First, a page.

The phrase zero-tolerance first came to national prominence after the Columbine High School Massacre in 1999. However, zero-tolerance policies for schoolchildren have existed since the 1980s. These policies set specific, serious consequences for students in situations where rule-breaking and other misconduct has occurred. Zero tolerance is controversial for a number of reasons. These policies often treat insubordination, threats, and violence as the same.

 

Advocates for zero-tolerance believe that schools grew too complacent before these policies were in place. In the 1990s, violence in schools seemed to be growing. In 1994, the Gun-Free Schools Act was passed by the federal government. Metal detectors were popping up in some schools, especially urban ones. Parents and students wanted assurances that schools would be a safe environment where children could focus on learning. This was the era where zero-tolerance really started to gain ground.

 

Critics of zero-tolerance approaches in education say that it’s a one strike and you’re out system. Zero-tolerance policies hand down one-size-fits-all suspensions and expulsions, regardless of the circumstances that led to misconduct. So, for example, if a bullied student is defending themselves after being attacked, that student can still be subject to discipline under zero-tolerance rules.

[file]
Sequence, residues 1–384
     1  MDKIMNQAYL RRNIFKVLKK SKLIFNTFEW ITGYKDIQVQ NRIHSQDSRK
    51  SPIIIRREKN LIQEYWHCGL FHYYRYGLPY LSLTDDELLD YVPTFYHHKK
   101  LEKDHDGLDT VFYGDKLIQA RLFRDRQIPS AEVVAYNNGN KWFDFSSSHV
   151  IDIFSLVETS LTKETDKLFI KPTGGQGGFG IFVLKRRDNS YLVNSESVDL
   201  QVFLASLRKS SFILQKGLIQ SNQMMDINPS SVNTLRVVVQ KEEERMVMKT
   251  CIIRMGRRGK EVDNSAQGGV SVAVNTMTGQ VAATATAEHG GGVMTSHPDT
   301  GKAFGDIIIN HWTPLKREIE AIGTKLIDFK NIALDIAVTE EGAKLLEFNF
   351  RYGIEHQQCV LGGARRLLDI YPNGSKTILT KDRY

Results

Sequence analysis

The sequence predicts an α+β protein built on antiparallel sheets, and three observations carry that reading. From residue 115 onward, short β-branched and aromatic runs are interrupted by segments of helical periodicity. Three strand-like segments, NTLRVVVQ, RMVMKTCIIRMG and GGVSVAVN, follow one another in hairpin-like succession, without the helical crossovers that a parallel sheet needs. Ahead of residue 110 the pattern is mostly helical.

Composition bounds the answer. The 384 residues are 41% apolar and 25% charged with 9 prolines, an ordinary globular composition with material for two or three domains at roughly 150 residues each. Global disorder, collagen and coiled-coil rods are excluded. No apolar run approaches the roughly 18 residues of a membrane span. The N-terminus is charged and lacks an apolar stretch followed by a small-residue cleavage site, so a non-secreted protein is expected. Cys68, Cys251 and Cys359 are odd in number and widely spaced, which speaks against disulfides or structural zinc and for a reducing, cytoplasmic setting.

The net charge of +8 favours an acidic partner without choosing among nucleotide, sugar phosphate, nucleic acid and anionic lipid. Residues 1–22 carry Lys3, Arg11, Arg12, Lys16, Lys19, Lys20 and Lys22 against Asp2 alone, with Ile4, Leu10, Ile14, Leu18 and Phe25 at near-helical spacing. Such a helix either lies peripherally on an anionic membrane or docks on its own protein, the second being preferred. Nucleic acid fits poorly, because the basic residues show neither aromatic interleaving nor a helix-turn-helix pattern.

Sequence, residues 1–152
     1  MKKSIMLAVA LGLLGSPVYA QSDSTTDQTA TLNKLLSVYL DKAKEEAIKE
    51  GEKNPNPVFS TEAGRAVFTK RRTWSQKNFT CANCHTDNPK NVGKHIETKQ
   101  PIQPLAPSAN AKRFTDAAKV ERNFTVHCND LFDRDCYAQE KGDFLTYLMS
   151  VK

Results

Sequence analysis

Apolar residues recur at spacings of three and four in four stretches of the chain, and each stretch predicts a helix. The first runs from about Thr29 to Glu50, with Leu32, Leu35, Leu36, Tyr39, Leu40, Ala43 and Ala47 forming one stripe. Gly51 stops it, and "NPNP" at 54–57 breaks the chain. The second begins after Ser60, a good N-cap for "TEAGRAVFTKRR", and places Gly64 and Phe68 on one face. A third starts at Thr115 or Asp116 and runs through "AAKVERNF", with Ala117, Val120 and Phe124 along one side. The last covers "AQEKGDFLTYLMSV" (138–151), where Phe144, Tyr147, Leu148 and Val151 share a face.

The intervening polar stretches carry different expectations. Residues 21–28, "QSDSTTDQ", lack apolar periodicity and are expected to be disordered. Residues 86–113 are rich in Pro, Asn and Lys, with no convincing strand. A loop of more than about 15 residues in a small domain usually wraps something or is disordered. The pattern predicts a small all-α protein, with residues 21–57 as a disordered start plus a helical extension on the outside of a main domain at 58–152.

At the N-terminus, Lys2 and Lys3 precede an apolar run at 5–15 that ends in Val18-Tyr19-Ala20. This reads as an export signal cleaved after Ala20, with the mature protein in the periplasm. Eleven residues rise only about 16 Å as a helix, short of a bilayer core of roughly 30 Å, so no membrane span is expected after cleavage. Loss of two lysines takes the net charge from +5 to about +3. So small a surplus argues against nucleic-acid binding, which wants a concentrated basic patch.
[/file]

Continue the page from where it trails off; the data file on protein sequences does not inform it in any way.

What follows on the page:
During the Obama Administration, school discipline came under scrutiny. It was believed that schools were being too hard on children of color, who were disproportionately affected by zero-tolerance rules. The phrase “school to prison pipeline” gained currency. However, critics note that the well-intentioned policies of the Obama Administration didn’t necessarily work. The Parkland shooting involved a school that was lauded for reducing suspensions and expulsions. However, the shooter had serious behavioral problems that went unaddressed. Under zero-tolerance, he would have been flagged and dealt with much earlier.

 

Betsy DeVos, the current Secretary of Education, has rolled back many of the Obama Administration’s policies. In the wake of tragedies like Parkland, zero-tolerance is in vogue once again. There are signs that zero-tolerance policies are overzealous. For example, nail clippers and even hot peppers have been considered weapons in some schools. However, for now, zero-tolerance seems to be the only thing that works. It hands down one-size-fits-all punishments, but that also means that there’s no favoritism in any situation. These policies are a blunt, but in many ways effective, tool.